By Dr Peter Kas at www.resus.com.au
De Winters T Waves were first described by the author in an article to the editor of the New England Journal of Medicine (1) in 2008. They are considered an ST-elevation myocardial infarction (STEMI) equivalent and a myocardial infarction can be missed in a patient as they do not have the classic ST-elevation appearance.
Using ECG’s from a large database the authors described a new ECG pattern without ST elevation that indicated proximal left anterior descending (LAD) coronary artery occlusion.
The pattern was seen in the precordial leads and comprised:
– ST segment depression at the J point of precordial leads of at least 1mm
– Upsloping ST segments
– Peaked positive symmetrical T waves
– VR also showed small ST Elevation (1-2mm)
This pattern was recognised in 2% of patients (30/1532) with anterior myocardial infarction.
It was described as a static pattern, rather than evolving with changes to the ST segments. Since then other studies have shown evolution to classic STEMI does occur. This is now considered to be an anterior STEMI Equivalent.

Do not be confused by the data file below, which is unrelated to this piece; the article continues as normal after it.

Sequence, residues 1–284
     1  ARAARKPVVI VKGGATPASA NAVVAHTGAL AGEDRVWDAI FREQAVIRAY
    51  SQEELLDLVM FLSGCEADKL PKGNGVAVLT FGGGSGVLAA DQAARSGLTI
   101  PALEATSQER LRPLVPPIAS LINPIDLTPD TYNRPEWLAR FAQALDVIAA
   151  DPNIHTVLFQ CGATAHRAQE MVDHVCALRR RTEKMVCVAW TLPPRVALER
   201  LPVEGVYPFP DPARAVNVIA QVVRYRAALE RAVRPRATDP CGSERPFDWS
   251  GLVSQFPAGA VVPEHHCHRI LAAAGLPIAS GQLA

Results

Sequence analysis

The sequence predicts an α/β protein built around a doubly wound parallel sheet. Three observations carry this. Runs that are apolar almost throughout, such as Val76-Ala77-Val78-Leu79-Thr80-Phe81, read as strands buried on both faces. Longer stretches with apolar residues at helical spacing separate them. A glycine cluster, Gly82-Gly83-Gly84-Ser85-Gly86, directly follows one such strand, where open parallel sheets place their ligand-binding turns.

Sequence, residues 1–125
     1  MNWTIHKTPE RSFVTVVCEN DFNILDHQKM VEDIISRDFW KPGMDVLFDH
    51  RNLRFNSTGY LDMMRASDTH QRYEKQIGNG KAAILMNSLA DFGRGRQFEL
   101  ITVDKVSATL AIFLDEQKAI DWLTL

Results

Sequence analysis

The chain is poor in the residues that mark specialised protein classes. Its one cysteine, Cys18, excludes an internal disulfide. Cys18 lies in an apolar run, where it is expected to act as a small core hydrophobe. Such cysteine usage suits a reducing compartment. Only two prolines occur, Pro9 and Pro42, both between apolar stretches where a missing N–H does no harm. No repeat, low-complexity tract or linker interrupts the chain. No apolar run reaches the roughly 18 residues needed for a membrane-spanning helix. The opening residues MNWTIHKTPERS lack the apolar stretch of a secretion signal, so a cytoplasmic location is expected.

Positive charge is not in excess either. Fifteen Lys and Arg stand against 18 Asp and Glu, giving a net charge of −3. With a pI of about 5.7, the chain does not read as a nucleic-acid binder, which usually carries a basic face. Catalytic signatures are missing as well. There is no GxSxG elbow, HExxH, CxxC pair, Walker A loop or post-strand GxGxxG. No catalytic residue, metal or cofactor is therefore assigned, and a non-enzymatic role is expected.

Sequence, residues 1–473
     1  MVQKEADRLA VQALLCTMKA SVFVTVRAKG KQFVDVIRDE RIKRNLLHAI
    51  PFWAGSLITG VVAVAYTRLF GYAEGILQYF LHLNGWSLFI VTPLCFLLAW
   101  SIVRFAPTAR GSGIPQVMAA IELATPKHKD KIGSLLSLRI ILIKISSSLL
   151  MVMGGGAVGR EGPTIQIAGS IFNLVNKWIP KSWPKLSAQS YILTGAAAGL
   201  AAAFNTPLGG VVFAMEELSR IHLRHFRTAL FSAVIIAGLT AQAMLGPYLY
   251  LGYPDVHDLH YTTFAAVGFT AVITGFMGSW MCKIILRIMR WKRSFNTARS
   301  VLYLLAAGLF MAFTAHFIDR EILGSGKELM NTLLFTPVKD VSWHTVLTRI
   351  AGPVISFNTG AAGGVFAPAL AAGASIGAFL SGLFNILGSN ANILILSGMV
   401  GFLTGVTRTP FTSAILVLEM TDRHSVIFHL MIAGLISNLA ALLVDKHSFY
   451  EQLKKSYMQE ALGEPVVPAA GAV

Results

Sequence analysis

In 2009 Verovden el al (2) duplicated these findings in patients with anterior wall myocardial infarction. The distinct ECG pattern was identified in approximately 2% of patients with LAD stenosis, in that study also. These patients were more likely to be younger and male and tended to have hypercholesterolaemia.
1. De Winter Rd et al A new sign of proximal lad occlusion, NEJM 2008:359: 2071-2073 Nov 6
2. Verovden NJ Et al Persistent precordial “hyperacute” T waves signify proximal left anterior descending artery occlusion. Heart, 2009 Oct; 95(2): 1701-6